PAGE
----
Attitudes of teachers and pupils toward use of corporal punishment in Nakuru municipal primary schools, Kenya.
Simiyu, Christine Namalwa.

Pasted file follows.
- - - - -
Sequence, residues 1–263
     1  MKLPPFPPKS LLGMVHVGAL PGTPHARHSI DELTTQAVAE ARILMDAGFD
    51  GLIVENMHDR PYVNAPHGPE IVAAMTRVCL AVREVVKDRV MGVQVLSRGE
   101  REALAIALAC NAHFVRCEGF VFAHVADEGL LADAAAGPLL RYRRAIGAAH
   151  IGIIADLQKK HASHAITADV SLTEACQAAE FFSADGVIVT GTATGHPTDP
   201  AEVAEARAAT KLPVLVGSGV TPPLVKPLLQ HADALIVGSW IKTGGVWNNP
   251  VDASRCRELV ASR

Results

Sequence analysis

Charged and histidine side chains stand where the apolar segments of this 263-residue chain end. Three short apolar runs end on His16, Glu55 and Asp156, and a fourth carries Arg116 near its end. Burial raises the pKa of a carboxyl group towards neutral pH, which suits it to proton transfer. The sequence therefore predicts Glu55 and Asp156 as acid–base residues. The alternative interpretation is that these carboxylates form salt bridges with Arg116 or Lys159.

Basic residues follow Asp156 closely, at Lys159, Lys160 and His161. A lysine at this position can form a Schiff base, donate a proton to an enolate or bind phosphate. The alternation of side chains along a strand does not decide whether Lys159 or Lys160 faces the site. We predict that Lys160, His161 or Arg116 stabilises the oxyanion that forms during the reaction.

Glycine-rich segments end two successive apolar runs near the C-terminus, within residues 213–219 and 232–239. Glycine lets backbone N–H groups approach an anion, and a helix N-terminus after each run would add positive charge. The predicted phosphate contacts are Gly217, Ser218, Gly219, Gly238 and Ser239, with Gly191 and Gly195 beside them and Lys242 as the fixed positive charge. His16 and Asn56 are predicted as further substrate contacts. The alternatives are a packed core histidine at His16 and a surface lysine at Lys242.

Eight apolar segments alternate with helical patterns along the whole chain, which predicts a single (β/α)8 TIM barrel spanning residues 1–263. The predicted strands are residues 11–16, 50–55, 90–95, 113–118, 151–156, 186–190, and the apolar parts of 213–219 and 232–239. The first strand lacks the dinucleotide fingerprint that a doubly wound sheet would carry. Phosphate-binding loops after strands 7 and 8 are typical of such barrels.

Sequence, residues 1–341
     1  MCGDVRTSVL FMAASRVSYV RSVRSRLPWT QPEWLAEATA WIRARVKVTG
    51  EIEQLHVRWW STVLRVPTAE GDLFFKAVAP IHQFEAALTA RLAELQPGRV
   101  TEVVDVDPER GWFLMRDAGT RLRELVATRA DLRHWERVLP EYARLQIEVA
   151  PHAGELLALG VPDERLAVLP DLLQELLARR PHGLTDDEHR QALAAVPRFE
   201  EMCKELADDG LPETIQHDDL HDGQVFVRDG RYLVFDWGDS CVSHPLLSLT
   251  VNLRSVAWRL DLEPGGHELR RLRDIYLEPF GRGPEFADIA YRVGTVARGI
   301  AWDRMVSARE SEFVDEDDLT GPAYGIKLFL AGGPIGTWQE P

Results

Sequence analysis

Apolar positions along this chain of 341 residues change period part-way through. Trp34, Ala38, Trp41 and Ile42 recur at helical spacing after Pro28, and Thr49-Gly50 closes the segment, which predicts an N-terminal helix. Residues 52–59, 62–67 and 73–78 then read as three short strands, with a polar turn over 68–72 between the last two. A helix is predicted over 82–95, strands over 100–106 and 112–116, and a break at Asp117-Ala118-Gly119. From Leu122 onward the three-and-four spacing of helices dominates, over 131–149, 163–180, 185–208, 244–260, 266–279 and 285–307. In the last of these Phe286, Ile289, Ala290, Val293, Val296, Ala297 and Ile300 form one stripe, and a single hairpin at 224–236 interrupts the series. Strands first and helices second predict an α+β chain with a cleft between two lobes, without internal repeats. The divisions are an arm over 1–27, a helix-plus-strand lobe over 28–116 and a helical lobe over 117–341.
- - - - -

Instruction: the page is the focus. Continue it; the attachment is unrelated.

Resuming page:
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The use of corporal punishment in schools is a highly topical and much debated subject worldwide. With the advent of humanitarian principles, corporal punishment was classified by the United Nations (UN) as violence and child abuse and this led to the banning of its use in schools by many countries especially in the western world. Kenya is not an exception as it recently followed suit by banning the use of corporal punishment in schools, through the enactment of Education Act Number 30 of 2001. Despite the ban, information from press reports and other literature seem to indicate that the practice of corporal punishment continued unabated in Kenyan schools. However, there is little information to indicate: (1) whether infact corporal punishment was being practiced in the selected schools or the extent/prevalence and nature of its practice; (2) what maintains corporal punishment in schools; and (3) strategies for eliminating it. Moreover, the extent to which teachers and pupils are aware of the ban is not known. Three main goals of this study, therefore, were to establish: whether corporal punishment was being practiced in Nakuru Municipal primary schools in Kenya; the attitudes that the primary school teachers and pupils hold towards the use of corporal punishment in the selected schools and the impact, if any, that their attitudes had on the practice of this punishment in those schools. The study applied a Survey research design. Questionnaires, with both open-ended and closed-ended items were used to collect data from the respondents. The respondents' attitudes were expressed in terms of their beliefs, feelings and views about the use of corporal punishment in school. The attitudes were measured in terms of the respondents' degree of agreement and disagreement with the attitudinal statements measured along a Likert scale which gauged their beliefs, feelings and views about the use of corporal punishment in the selected schools. The target population consisted of teachers and pupils in four primary schools in Nakuru Municipality. A sample of 72 teachers and 160 pupils was selected. Descriptive and inferential statistics were used to analyse data using the SPSS software package. The results obtained indicated that corporal punishment was being practiced in the selected schools and the teachers and pupils this practice was supported. Corporal punishment was being practiced by teachers in Nakuru municipal primary schools despite their knowledge of the legal prohibitions and negative consequences of this practice. It was also established that the attitudes of the teachers and pupils towards the use of corporal punishment in school had a significant relationship with the practice of corporal punishment in the four selected schools. Where the teachers and pupils had a favourable or positive attitude towards the use of corporal punishment in school, the level of the practice of corporal punishment was very high but where the teachers and pupils has a negative attitude towards the use of corporal punishment in school, the level of the practice of corporal punishment was extremely low. The teachers and pupils justified the practice of corporal punishment in the selected schools under the belief that it had merits. It (corporal punishment) was believed to be a chastisement for children, a catalyst for good academic performance and the most effective deterrent for bad behavior, laziness and a corrective measure. The conclusion drawn was that the teachers’ and pupils’ attitudes towards the use of corporal punishment in school had a big impact on the practice of corporal punishment in the four Nakuru municipal primary schools. The study concludes with a set of recommendations for curtailing the use of corporal punishment in schools in Kenya. (1.) Abbreviated as CP in some parts of this report.